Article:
When I first started visiting Italy, I was a mega tourist. Ate at the first pizzeria I saw, immediately looked for the alfredo, got frustrated when the waiter didn’t bring my check, etc etc. After I started dating my girlfriend and embarrassed her a bit with my shoobie behavior, I changed and thankfully I did because doing Italy the right way enhances the experience so much more!
…or as we Americans call it, “happy hour.”
Aperitivo is a glorious couple of hours in the early evening prior to dinner time. Cafes and bars re-open after the mid-afternoon break and serve discounted wine, beer, and liquor along with salty snacks such as olives, chips, and pretzels. The best way to “do aperitivo” is by sitting at a bar outside with a good view.
My drinks of choice are an Aperol Spritz or a Negroni.
Slow downnnnnnnnnn. When you’re at a restaurant in Italy, don’t expect the meal to be done in 30 minutes. That only happens here in America. Sit down and get ready for the long haul.
Restaurants won’t boot you out for sitting and chatting — it’s expected.
You’ll find that if you eat slow, enjoy good conversation, and sip on some after dinner cocktails, not only will your waistline be happier, but your mental health too!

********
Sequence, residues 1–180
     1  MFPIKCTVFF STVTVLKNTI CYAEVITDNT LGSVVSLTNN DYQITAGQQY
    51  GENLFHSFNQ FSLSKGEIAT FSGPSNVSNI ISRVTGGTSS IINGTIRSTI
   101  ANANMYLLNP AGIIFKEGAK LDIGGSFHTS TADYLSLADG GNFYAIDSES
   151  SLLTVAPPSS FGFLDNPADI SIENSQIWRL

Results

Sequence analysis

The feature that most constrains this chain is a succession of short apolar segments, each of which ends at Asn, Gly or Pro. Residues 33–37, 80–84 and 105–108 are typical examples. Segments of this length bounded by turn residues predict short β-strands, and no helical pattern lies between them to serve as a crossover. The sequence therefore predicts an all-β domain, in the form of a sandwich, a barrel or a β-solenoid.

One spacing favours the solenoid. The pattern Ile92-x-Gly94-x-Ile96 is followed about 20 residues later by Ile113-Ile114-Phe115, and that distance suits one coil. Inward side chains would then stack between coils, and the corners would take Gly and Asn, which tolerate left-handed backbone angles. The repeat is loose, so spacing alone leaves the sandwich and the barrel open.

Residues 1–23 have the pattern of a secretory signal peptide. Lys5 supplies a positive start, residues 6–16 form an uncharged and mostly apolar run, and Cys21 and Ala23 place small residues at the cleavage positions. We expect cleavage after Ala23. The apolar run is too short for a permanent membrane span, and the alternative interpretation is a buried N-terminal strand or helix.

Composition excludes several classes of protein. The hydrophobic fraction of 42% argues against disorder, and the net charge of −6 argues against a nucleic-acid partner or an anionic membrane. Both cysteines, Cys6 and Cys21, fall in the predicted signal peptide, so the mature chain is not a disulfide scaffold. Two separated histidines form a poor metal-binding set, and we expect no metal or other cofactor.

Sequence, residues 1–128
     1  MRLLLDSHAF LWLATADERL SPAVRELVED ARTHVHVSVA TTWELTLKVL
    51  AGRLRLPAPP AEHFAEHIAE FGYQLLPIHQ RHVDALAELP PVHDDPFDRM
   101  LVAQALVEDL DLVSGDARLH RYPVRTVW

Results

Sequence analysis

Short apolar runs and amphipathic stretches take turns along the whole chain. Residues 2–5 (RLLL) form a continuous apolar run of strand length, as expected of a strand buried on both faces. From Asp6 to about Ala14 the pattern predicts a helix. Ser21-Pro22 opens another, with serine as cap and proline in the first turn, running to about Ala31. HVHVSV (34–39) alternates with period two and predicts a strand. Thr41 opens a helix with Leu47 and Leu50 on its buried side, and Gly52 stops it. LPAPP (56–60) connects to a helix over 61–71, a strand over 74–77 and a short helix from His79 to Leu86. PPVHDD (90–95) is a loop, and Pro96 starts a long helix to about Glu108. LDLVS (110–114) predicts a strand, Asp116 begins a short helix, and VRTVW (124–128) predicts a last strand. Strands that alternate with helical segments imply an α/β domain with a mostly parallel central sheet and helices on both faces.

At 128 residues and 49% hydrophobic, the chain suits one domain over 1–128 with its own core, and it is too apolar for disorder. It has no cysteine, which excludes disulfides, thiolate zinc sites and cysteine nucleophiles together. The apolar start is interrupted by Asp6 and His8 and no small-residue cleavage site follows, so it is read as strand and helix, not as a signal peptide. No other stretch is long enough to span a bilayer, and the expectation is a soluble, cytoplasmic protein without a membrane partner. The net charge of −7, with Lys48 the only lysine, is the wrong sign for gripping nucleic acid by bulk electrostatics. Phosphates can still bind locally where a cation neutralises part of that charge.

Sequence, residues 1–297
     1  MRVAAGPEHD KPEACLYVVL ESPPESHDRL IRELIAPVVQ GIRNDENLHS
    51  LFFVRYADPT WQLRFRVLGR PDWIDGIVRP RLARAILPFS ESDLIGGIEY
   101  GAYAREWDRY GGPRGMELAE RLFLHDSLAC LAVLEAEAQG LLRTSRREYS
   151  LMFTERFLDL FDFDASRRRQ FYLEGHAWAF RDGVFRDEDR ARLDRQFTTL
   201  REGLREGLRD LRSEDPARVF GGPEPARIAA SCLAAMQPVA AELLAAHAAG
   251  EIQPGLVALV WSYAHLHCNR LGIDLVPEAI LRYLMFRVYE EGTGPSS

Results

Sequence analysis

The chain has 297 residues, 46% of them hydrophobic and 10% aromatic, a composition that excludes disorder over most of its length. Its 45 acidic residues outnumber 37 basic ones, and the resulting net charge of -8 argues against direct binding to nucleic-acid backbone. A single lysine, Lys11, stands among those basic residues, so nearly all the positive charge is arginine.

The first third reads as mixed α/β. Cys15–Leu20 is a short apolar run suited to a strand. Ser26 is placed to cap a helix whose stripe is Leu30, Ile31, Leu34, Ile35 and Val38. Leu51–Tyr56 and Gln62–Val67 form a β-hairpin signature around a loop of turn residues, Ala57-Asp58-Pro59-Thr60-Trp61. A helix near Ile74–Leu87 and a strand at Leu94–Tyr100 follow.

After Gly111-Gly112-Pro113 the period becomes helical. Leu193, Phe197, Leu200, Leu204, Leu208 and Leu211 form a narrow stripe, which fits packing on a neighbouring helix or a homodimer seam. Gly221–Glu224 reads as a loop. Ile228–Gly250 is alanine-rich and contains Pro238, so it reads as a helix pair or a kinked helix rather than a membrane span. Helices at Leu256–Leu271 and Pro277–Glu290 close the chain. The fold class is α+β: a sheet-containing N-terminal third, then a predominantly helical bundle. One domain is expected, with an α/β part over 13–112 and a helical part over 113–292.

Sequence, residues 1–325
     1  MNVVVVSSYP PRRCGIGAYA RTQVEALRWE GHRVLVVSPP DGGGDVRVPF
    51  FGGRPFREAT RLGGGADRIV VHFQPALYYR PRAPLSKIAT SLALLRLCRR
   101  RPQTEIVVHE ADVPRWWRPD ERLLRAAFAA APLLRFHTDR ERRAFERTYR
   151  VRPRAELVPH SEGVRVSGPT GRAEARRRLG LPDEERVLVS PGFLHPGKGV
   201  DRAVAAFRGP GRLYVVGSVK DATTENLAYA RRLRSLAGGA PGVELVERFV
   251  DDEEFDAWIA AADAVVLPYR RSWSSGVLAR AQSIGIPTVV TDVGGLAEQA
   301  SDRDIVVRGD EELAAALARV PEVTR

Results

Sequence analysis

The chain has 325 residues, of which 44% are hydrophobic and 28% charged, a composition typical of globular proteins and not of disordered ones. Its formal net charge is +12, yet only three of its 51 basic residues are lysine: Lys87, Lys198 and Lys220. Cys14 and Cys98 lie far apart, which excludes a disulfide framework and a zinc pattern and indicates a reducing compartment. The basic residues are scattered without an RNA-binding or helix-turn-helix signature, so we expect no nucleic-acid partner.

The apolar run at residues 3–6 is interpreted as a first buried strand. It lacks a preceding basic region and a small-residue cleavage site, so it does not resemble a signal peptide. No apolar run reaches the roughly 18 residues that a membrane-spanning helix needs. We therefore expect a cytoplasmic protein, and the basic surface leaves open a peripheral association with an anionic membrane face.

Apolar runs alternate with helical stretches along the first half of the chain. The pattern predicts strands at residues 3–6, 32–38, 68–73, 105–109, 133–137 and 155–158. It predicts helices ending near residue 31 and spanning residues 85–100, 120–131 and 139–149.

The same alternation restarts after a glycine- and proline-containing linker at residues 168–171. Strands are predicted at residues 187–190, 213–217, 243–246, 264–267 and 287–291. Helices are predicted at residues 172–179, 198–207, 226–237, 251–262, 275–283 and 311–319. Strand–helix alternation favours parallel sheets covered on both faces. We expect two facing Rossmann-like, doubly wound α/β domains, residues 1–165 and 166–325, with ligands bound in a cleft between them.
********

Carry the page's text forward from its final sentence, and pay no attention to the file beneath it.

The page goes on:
Double Cheek Kiss
Germophobes need not apply. Typically, Italian strangers won’t go in for a kiss if they don’t know you, but if they do and you choose to reciprocate — go double cheek…always. It’s totally normal and a sign of endearment, unless of course it’s from some creep on the street 😉
Food in Italy is much different than America — fresh ingredients, carb-heavy, and small portions. In the tourist areas you may find the dishes that are served in your local Olive Garden, and this is by design to appeal to the masses. But I urge you to really branch out and explore different tastes.
You should also try to eat the way Italians do — I’m a big guy and consistently lose weight each time I visit Italy, which is certainly contrary to popular belief!
For breakfast, Italians typically don’t eat eggs and bacon, but instead they usually have a pastry and a coffee (espresso for us Americans).
Lunch will be heavier on the carbs…pasta followed by some type of meat (maybe).
Dinner is usually lighter and eaten later at night — around 8PM. Better for digestion!
I seriously live for Italian mid-afternoon naps. Typically, most shops outside of the major tourist areas close up around 1PM and don’t open again until 5-6PM. During this time, Italians rest. It’s a major reason why Italians are some of the least-stressed people on the planet. You should take advantage of this — even if it’s only for a short bit. Catnap, Siesta, whatever. I love it however it’s defined.
What are your favorite Italian customs?